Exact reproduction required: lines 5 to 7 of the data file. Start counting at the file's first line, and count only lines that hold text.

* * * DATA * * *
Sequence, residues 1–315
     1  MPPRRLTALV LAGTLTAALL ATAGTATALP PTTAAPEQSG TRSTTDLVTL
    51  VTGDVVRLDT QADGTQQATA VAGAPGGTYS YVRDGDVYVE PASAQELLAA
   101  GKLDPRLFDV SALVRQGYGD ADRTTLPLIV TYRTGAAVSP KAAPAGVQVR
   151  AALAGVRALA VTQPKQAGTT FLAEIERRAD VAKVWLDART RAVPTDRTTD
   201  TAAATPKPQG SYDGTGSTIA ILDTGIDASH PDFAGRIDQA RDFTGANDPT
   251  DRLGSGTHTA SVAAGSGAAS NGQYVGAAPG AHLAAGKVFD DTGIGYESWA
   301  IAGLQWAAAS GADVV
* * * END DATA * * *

   151  AALAGVRALA VTQPKQAGTT FLAEIERRAD VAKVWLDART RAVPTDRTTD
   201  TAAATPKPQG SYDGTGSTIA ILDTGIDASH PDFAGRIDQA RDFTGANDPT
   251  DRLGSGTHTA SVAAGSGAAS NGQYVGAAPG AHLAAGKVFD DTGIGYESWA